Florida Board of Medicine to Decide if Back Surgeon Committed Repeated Medical Malpractice By Tod Aronovitz | 04/15/15 | 0 Comment

Dr. Alfred Octavius Bonati, a self-described pioneer in back microsurgery that requires no general anesthesia or hospital stay according to his website, finds himself at the center of four medical malpractice cases at the Department of Health. All have recently been brought before the Florida Board of Medicine in Deerfield Beach.

A recent article on WUSF Health News Florida reported that the cases involve past surgeries of four patients, some of which have happened as long as 11 years ago. These cases have been with prosecutors for at least five years, according to DOH, because they required multiple expert opinions and time to thoroughly sift through all the difficult and complex documentation.

The cases first came to DOH’s attention after several malpractice suits against Dr. Bonati were filed. Both state and court complaints say Dr. Bonati failed to send patients with serious complications to a hospital for emergency care.

The plaintiffs alleging malpractice include:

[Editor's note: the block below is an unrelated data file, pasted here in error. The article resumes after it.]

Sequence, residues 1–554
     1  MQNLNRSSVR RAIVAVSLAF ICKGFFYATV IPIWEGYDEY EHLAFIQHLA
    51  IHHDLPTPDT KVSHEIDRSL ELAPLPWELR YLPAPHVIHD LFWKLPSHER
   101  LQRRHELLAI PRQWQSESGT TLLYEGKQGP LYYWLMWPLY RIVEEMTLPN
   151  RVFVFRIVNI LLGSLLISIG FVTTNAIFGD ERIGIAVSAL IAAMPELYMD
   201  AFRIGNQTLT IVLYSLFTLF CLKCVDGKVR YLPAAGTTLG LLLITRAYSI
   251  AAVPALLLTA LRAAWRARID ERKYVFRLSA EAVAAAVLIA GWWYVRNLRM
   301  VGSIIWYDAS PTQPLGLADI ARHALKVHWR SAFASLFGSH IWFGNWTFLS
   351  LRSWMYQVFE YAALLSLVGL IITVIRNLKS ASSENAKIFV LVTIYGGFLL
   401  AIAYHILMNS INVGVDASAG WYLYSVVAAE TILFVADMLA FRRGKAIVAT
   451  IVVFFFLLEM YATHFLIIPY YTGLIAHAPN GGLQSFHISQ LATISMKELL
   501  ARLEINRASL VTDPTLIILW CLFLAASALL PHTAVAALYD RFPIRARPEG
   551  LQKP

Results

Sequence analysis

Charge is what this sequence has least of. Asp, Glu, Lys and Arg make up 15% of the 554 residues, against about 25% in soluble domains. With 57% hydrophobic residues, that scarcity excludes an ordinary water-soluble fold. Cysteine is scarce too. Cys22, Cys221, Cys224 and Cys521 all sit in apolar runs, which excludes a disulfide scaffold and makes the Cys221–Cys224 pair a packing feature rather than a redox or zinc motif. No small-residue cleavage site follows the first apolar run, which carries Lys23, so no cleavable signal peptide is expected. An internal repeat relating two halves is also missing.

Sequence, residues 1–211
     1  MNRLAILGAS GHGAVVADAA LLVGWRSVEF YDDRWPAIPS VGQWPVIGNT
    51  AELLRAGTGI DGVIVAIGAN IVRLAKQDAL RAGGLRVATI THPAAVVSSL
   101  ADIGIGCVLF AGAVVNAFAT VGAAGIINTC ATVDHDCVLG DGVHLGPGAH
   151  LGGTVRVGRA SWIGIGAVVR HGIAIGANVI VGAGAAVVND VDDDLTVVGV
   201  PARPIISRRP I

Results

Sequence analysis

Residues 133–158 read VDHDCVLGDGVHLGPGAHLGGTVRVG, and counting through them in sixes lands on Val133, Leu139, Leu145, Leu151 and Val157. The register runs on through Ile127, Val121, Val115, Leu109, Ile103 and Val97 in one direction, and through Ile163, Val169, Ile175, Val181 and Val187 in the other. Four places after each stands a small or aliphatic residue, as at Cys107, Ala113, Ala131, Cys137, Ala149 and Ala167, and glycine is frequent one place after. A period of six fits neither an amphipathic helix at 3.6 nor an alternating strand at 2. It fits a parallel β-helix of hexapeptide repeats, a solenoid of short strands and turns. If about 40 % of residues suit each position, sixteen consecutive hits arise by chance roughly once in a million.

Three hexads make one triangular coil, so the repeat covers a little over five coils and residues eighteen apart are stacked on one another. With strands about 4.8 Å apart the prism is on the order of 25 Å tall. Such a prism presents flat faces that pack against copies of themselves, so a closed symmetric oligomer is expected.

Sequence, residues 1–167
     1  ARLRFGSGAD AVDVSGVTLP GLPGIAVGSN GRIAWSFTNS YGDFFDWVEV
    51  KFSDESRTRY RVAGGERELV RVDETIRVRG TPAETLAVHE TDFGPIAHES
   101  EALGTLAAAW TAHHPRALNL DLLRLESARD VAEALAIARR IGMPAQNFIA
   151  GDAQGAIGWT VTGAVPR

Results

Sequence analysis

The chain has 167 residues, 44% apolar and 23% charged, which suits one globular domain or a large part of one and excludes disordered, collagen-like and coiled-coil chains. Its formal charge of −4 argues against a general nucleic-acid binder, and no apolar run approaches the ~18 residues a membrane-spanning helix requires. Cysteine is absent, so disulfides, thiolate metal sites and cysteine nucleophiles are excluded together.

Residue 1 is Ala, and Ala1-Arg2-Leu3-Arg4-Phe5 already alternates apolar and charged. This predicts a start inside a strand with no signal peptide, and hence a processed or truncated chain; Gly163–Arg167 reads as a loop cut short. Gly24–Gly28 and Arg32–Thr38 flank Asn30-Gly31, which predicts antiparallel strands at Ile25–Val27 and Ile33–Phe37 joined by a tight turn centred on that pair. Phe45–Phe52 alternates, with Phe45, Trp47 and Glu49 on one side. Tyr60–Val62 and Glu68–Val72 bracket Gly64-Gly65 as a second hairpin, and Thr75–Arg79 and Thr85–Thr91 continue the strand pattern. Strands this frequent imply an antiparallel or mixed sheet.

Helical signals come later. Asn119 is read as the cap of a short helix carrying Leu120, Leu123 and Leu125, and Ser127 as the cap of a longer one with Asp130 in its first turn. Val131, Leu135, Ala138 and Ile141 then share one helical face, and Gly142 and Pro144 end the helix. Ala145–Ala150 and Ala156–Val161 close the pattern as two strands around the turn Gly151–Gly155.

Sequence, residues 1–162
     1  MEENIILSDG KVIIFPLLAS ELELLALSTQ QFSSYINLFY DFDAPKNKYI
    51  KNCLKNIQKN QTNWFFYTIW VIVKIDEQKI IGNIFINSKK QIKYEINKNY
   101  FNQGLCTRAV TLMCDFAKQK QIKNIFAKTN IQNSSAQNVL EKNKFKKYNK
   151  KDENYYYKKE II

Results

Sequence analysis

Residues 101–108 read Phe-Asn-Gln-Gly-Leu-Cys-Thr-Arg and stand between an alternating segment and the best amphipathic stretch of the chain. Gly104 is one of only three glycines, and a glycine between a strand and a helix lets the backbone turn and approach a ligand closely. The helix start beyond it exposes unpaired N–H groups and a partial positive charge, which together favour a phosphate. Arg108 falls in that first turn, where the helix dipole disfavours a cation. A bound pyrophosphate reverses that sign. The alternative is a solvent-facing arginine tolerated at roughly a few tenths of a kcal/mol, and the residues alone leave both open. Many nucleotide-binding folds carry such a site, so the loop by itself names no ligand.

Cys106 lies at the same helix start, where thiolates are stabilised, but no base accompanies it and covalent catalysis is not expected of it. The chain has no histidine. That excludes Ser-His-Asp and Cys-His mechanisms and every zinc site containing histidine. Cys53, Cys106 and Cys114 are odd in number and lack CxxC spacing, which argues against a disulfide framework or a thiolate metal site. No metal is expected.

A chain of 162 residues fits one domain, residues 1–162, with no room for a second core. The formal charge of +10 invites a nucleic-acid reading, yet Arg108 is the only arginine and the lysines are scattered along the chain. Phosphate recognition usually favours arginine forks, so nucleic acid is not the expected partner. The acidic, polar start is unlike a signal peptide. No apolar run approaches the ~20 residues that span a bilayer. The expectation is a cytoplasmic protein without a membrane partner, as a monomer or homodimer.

• A nurse from Michigan who suffered a tear in the dura (membrane that covers the spinal cord) and a leak of spinal fluid. The malpractice case argues that the patient should have been sent to an acute-care hospital instead of being housed at a condo and cared by visiting home nurses over two weeks. She underwent further surgery upon returning home.
  • A retired nurse from Georgia whose surgery left her with a permanent and severe disability after the surgery.
  • A Michigan man whose complaint alleges that the six surgeries he underwent from Dr. Bonati actually aggravated his previous condition and caused new problems.
  • A dentist from Kansas City, who allegedly suffered major blood loss from a hemorrhage, followed by loss of breathing and resuscitation by the anesthesiologist. After unsuccessfully recuperating for two weeks in a motel, she eventually had to be flown home by air ambulance to undergo neurosurgery, records show.

The Department of Health is reportedly engaged in settlement discussions with Dr. Bonati and his legal team. Of the four civil malpractice cases that have resulted from the current complaints, three are still pending. One has already been resolved by an arbitration panel with a six-figure settlement.

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